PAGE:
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by Mike Price, Esri
When was the last time you thought about what datum the data you were using was in? Perform analysis using data sets created in different datums or even display them together and you won't like the results. The same features in two street centerline themes or coverages may appear offset by many meters or feet. Fire hydrant points collected with GPS appear located in parking lots or inside buildings instead of out by the curb. GPS coordinates acquired by hikers show their position half way up a very steep cliff instead of on the mapped trail below. These are all very real examples caused, in large part, by using data sets lacking a common datum.
What's a Datum?
Prior to satellite mapping technology, the best approximation of the shape of the earth was the mathematically calculated geoid, which evolved into slightly flattened spheroids or ellipsoids. Geographic coordinate systems use a spheroid to calculate positions on the earth. A datum defines the position of the spheroid relative to the center of the earth. As surveying technology improved and data acquisition increased worldwide, the mathematical formulas and the related parameters used to describe the shape of our irregular earth continually improved and were expressed in spheroids such as Everest 1830, Airy 1849, Clarke 1866, Clarke 1880, and Krasovsky 1940.
Until recently, a comprehensive knowledge of--or even much interest in--datums was limited to mathematicians, geodesists, and geographers specializing in cartography. Field surveying was performed on a local basis using traditional mechanical, optical, and laser equipment. Typically, local coordinate systems were developed and vertical and horizontal control were derived from a local frame of reference or datum. For those outside the field of cartography, map projections were often an issue, but datums, those absolute global frames of reference, were not.
As mapping expanded globally, cartographers established coordinate reference frameworks that helped standardize mapping activities across wide areas. The resulting datums were typically limited in extent and were tied to an origin point on the earth's surface. The North American Datum of 1927 (NAD27) is a classic example of an early, local earth-surface-based datum. The spheroid NAD27 uses Clarke 1866 that originates at a surface point at Meades Ranch, Kansas. Many NAD27 control points were calculated from observations taken in the 1800s. The calculations were done manually, in sections, over many years, and errors vary from station to station.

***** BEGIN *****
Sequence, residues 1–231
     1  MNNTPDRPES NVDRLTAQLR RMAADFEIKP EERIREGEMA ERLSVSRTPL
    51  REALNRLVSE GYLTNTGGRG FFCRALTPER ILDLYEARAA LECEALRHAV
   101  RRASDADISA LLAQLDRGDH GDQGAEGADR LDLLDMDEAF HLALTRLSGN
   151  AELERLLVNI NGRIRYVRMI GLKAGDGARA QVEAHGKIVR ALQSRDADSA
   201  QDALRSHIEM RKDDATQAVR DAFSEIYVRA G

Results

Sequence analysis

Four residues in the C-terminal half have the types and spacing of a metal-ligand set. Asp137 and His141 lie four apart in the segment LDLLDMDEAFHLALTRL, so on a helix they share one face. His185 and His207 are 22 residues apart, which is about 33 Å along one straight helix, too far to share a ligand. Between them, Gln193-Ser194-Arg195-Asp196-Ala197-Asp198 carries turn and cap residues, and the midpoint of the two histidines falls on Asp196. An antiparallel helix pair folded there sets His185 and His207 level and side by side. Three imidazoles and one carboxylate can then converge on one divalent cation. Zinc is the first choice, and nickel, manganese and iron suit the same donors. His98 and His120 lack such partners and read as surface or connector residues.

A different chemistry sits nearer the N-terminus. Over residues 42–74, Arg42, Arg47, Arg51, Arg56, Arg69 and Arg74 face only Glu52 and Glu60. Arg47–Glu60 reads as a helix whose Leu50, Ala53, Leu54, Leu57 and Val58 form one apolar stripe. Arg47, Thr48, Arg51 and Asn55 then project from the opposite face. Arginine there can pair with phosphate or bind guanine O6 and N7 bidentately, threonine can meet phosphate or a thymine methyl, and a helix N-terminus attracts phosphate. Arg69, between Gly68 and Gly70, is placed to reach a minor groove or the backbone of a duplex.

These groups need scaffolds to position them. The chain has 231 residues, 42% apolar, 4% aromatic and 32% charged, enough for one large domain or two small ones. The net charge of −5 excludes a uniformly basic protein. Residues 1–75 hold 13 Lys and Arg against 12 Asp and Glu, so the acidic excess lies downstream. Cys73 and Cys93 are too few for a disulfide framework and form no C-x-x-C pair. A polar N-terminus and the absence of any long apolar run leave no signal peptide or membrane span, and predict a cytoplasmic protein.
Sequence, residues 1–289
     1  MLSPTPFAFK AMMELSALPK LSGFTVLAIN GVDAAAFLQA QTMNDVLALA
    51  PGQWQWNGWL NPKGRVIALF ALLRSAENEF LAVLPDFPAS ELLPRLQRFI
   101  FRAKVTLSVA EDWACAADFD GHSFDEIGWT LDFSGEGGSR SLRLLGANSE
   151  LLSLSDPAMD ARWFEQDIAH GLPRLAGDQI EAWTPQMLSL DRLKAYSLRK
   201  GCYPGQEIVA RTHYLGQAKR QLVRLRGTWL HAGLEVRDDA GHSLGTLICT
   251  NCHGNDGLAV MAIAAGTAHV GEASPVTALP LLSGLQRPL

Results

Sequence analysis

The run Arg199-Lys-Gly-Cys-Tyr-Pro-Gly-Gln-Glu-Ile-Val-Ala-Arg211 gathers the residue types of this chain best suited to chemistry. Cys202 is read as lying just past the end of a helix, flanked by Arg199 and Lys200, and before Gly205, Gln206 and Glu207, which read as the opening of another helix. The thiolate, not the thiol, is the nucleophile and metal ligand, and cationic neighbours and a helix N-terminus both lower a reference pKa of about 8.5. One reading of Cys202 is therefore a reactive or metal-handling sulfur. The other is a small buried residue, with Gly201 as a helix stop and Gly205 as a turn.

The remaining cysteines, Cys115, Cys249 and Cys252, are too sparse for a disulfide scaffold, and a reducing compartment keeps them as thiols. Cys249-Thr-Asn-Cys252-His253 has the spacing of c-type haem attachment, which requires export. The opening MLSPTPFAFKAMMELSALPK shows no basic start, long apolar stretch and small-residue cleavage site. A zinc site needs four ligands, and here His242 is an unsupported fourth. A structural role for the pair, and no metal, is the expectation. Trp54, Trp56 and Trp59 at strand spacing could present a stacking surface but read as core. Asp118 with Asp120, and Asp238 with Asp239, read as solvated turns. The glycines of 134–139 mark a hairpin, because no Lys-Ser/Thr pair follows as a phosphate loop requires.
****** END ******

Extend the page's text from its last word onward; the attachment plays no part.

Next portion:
Getting the Big Picture
More than 30 years ago, satellites began acquiring remote imagery. As GPS, a satellite-based location system, matured and became accessible to the public, the need to extend and better define the earth's spheroid and associated datums became more pressing. In 1980, a new spheroid, the Geodetic Reference System (GRS80), was developed from satellite measurements. Instead of defining the earth from surface measurements linked horizontally and related vertically to mean sea level, this new mathematical approximation was derived from a point located out in space.
This spheroid and its associated datums define the earth's shape by measuring and triangulating from an outside perspective and use the mass center of the earth as an absolute origin. Using the GRS80 spheroid, new datums were developed both regionally and worldwide. The North American Datum of 1983 (NAD83) and the World Geodetic System of 1984 (WGS84) are examples of these new datums. Worldwide, all GPS measurements are now based on the WGS84 datum.
In addition to satellite positioning, the development of GIS and the Web have significantly increased public access to and use of spatial data. As GIS use has increased, more nongeographers are manipulating geographic data. The Web has made spatial data in a variety of projections and datums far more widely available. Both the availability and diversity of data make understanding datums an important issue for GIS users.
Using data created in both old and new datums together can be challenging. Points calculated using early methods seem to shift by tens, even hundreds, of meters when recalculated in modern space. While the math and science behind spheroid definition and datum transformation is complex, GIS users must recognize the importance of improving data collection, registration, and documentation methods so that the analysis of spatial data will continually improve. It is essential to carefully study each piece of spatial data--whether vector, grid, triangulated irregular network (TIN), or image data--to determine the way the data was obtained, how it is displayed in its native format, and that it correctly displays at the largest practical scale.
ArcInfo 8.1 and ArcView 8.1 are designed to recognize, interpret, and correct for spheroid, datum, and projection differences. Traditional ArcView GIS 3.x and ArcInfo 7.x software also accommodate these differences, although not "on-the-fly." In every case, it is important to understand the metadata behind data and to properly record differences in geometric parameters.
The answer to the question "Who needs datums?" is you do. To avoid time-consuming and possibly costly data alignment issues, GIS users need a basic understanding of datums and an awareness of the datums associated with the data sets they use.